Many years ago, I heard Husqvarna was going to be bringing out a new 40cc saw, the 543xp. As someone who likes that size class for much of the cutting I do, this really piqued my interest. Despite what many folks on the interwebs would have you believe, the 40cc-class saws do fill a niche that the 50cc saws do not directly fill; a 242xp and a 346xp are not direct competitors, they handle and behave very differently. After many years of hoping that Husqvarna would bring the 543xpg to the US, and vacillating on whether to spend $750-800 to bring one here on my own (I just couldn't do it, knowing I'd be spending on porting, too), I decided to buy a non-G 543xp. In December, I ordered one from Spike60 and sent it directly to mweba for some attention right out the gate.
For some info on mweba's work on this saw platform, here's an older thread: https://www.arboristsite.com/community/threads/inside-the-husqvarna-543xp.260309/
I mounted up a 13" NK bar and some 20-series Oregon chain, and put five tanks through this saw on Saturday; it had seen two tanks in Mitch's hands after he built it. All the cutting was on the log table, blocking hardwood up into firewood lengths. At seven tanks through it, this saw flat out rips and seems to still be loosening up. Throttle response is great. No fines made it through or around the mesh air filter. Though I'm presently without any 242xp or 246 saws to compare it to, it handily outperforms those saws from my recollection. Throttle response seems close to my 238se, but power is way ahead. Handling seems to be on a par with that platform, too. It is unquestionably more nimble than the 346xp or 550 (mk1) platform.
I am planning to get out in the woods for some thinning and limbing work in the coming weeks, cutting buckthorn and honeysuckle (so 2-6" material with the occasional 12" trunk), because this thin-and-limb work is where the handling benefits of this size saw really shines.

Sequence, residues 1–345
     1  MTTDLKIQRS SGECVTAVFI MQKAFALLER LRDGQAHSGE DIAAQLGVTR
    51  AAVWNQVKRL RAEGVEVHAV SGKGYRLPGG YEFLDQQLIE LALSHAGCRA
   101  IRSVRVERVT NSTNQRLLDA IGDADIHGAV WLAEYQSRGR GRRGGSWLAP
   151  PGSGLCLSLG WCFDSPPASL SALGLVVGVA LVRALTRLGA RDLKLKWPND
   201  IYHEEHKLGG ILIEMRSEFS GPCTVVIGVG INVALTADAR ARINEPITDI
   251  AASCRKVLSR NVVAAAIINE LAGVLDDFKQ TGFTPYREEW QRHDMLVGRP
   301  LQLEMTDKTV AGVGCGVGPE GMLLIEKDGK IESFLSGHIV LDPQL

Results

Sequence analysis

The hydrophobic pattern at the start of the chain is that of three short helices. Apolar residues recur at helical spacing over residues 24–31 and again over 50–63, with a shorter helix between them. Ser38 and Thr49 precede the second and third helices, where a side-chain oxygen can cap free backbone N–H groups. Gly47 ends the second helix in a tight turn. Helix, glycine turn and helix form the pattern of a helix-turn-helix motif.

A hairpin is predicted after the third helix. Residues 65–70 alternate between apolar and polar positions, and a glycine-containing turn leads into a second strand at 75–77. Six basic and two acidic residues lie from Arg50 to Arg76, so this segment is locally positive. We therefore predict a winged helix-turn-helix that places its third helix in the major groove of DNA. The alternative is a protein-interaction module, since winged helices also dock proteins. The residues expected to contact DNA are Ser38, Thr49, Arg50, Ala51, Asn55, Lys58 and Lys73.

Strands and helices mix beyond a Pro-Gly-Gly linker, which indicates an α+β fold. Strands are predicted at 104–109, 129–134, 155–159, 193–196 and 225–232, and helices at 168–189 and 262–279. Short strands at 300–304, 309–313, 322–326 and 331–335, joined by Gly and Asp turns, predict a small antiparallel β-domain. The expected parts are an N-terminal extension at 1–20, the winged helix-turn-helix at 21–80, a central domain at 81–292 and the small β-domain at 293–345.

For people who have complained about the build quality of the plastics on this saw model, I can see what they are saying. The feel to the plastic definitely not the same as a 3-series Husqvarna, which is also different from the feel of 2-series Husqvarna plastic. But it isn't creaky or brittle and appears robust enough, though time will tell. The choke lever looks a bit like a part off a toy saw, but it feels good in use. The kill button is a bit annoying and I bumped it a few times by accident; apparently I brace my right thumb against the saw body on the left side of the throttle grip sometimes, which is not a problem on a 2- or 3-series Husqvarna. Better saw holding technique addressed that issue.
The easy-start starter is obviously unnecessary, but it is actually not annoying at all. I was surprised by that, as other easy-start systems I have tried were annoying. In actual cutting, its added width was a non-issue.
So, the crucial question: is this saw worth $800? Because that's about what it is gonna cost you between the purchase of the saw new and then doing the porting work. I think the answer is a definite maybe: if your cutting is the sort that favors a 242xp, then I think that this saw in its ported form makes sense - it is new and parts aren't NLA. For my usual woods work, this seems like a great choice thus far and if it holds up over the long haul then I feel like it presents a good value proposition. If anyone is interested in this saw but likes red more than orange, you can get it as a Redmax 4350, also.
If your cutting is not the sort that is a perfect fit for the 242xp's skills, then no, you probably are better served with something else - Makita/Dolmar 421 on the smaller end or a 50cc pro saw on the larger end.